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I am looking for a phrase that is similar to "he doesn't suffer fools gladly" it is something like "he'd sooner walk through you, than around" likely UK/Irish in origin. I read it in an Irish paper a few years ago to describe someone who was impatient w people and didn't suffer fools lightly. I cannot remember the exact phrase though.

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    Can you explain generically what phrases you've rejected? Can you explain specifically how "he doesn't suffer fools gladly" might be paraphrased? Can you explain how "he'd sooner walk through you, than around" could ever match anything about fools or gladness? – Robbie Goodwin Dec 4 '18 at 21:55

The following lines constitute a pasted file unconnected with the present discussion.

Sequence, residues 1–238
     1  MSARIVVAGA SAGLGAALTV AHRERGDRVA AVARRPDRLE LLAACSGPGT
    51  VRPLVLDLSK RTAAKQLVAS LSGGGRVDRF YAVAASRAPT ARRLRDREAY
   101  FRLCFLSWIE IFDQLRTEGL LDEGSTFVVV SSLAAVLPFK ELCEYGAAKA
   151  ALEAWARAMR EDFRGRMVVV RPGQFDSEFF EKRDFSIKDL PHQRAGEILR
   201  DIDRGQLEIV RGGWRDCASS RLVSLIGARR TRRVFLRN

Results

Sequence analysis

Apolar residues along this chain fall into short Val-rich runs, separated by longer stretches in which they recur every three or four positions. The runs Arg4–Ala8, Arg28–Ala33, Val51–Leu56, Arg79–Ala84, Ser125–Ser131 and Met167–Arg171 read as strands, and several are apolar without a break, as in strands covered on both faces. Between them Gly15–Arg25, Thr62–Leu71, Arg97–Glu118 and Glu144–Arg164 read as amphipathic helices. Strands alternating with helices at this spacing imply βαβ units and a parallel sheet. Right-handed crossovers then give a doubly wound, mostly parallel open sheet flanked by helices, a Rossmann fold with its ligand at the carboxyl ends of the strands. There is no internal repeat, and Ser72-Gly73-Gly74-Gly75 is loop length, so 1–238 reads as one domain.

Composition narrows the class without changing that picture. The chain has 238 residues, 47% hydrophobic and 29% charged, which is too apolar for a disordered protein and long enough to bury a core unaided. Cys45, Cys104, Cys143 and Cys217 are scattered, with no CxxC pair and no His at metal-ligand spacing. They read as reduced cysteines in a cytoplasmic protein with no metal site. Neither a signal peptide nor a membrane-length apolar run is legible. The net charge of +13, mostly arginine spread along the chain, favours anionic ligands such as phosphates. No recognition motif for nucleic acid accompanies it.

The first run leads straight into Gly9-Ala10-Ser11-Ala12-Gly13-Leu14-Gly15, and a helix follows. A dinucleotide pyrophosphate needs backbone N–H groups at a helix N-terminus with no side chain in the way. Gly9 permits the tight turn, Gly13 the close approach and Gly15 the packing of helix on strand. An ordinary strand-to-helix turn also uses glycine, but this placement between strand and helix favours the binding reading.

• As @RobbieGoodwin said: How could "he'd sooner walk through you, than around" ever match anything about the idiom?" – Kris Sep 2 at 9:53
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A no-nonsense person.

no-nonsense (MW)

: tolerating no nonsense : serious, businesslike
    a no-nonsense manager

no-nonsense in American

(ˈnoʊˈnɑnsɛns ; nōˈnänˈsens)
adjective
not indulging in or tolerating nonsense, impracticality, etc.; matter-of-fact; practical and serious

Usage:

“He (James “Jim” Egan) was a no nonsense person – he didn't put up with fools.” --Don McLeod, Egan’s biographer

(U of T Libraries holds the Heritage Minutes archive at its Downsview facility, University of Toronto - News)

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I realise that this is a very late answer, but I believe I know the Irish phrase you're looking for: "He'd go through you for a shortcut". Hope this helps!

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